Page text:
Our objective is to help our clients to demonstrate compliance with health and safety law as well as to protect drivers and to reduce claim frequency.
On behalf of clients, RVM therefore uses the broadest set of measures to identify:
We advise our clients at each stage of this process.
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Implementation of a new program is critical to its success so we go to great lengths to get a full understanding of the requirements. We do this in the form of an implementation meeting at which we exchange information about what to do, when and with whom so the whole process runs smoothly from the outset.
Setting up the Risk Register ensures we have a central record of risks that demonstrates how risk averse the client wishes to be by showing at what tolerance each type of risk turns into a high risk from a low one. As we gather risk data we issue risk alerts automatically so we need to record how risk averse the client wishes to be.
We start with the standard RVM matrix and review each risk tolerance to check they fall in line with the client’s views, which makes the resulting program unique to the client. Thereafter, as we deliver the services and start to get results, the system acts as an electronic safety net by catching all adverse risk data. Additionally, automatic alerts are raised for all those risks which exceed the maximum tolerances for each risk event. This happens the instant we input a risk event.
Assessing and prioritising risks
As we deliver the various aspects of the program, we receive results of checks and assessments as well as new claim notifications. All risk data is allocated to the Driver Safety Record and the RVM system calculates whether overall the driver has a low, medium, or high risk profile.
Any risk data that exceeds minimum tolerances as set out in the client’s Risk Register is immediately and automatically alerted to the risk manager who double checks its accuracy and relevance before alerting the client.
The time that elapses between a high risk occurring and the implementation of appropriate remedial action can have a significant impact on the effectiveness of that remedial action.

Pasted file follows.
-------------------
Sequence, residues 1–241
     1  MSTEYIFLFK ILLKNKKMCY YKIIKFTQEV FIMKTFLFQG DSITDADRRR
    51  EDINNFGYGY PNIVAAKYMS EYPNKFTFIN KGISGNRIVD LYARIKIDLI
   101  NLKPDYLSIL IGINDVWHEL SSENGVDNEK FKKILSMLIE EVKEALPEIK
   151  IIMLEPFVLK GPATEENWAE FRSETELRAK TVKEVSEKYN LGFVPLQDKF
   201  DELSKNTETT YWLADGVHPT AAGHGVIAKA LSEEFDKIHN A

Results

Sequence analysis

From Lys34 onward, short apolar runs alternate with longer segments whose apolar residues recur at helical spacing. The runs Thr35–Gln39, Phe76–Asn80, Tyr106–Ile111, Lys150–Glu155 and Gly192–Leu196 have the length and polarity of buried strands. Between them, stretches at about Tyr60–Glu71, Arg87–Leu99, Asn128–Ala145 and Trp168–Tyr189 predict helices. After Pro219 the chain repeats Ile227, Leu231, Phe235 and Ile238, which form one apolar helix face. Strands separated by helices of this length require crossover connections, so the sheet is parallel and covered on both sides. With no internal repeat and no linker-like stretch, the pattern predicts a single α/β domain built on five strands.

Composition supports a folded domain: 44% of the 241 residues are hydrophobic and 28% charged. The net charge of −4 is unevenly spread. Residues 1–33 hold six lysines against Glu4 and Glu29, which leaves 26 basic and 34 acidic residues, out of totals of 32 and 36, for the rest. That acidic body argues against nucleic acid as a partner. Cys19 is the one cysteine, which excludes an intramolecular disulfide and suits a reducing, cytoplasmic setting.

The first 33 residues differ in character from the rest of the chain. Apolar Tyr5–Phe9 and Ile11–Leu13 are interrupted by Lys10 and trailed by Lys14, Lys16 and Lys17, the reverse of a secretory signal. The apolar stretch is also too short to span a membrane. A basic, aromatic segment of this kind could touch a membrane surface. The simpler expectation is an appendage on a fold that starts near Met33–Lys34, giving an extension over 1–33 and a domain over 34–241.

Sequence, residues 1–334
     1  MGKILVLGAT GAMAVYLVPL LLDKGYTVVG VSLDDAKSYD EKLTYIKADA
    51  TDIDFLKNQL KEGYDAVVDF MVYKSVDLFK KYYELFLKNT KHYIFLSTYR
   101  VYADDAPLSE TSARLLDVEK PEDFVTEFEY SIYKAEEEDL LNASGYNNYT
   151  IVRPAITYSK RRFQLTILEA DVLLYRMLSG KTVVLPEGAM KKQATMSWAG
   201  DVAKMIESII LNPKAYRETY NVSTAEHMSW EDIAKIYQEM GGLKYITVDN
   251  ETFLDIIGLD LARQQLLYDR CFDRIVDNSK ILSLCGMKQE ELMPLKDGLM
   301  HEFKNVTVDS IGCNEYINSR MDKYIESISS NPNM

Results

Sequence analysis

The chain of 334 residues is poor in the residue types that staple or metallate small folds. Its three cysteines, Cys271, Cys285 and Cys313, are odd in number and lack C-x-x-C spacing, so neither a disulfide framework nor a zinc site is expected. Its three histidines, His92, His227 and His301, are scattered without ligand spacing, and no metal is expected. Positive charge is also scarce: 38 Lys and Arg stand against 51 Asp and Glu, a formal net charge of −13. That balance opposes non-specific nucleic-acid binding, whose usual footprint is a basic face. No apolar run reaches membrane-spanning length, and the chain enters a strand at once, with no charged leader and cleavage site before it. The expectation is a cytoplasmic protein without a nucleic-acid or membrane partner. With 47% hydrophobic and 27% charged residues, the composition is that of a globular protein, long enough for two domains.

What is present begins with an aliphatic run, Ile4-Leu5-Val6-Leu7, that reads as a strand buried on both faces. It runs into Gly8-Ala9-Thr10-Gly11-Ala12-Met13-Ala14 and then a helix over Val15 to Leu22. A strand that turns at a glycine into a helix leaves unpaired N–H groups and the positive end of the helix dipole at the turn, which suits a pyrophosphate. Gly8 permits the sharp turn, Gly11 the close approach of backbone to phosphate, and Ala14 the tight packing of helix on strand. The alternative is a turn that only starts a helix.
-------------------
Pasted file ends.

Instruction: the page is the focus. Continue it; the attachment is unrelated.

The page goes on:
This fact demonstrates why the consolidated risk solution is so important because it is only when all the data is together that the quickest, clearest, and most accurate picture of likely risk can be drawn.
Remedial action can take many forms and in terms of a hierarchy, RVM sees the choices as follows:
|Type of remedial action||Risk Severity|
|1||Proactive rectification service directly with the driver||The least severe|
|2||Allocation of an e-module online training module||Low severity|
|3||Attendance at a half-day driver safety workshop||Medium severity|
|4||A 3 hour in-vehicle driver training session||High severity|
|5||A recommendation to the client that the driver no longer drives on business||The most severe|
At least once a year we pause to look at what we have done, where we are and what we should plan next. This is a function of our Account Management team and it forms part of the advice we give.
It is at these review meetings that we produce management information which summarises any trends and exceptions. We take the opportunity (where appropriate) to update the tolerances that create the risk alerts and the safety policies to ensure they’re still relevant. We also, of course, agree future tactics for further reducing risk.
The good thing about RVM is not just the scope of the service but how they consider all aspects of the gathered data.
Peter Cox, Group Transport Manager, CLEAN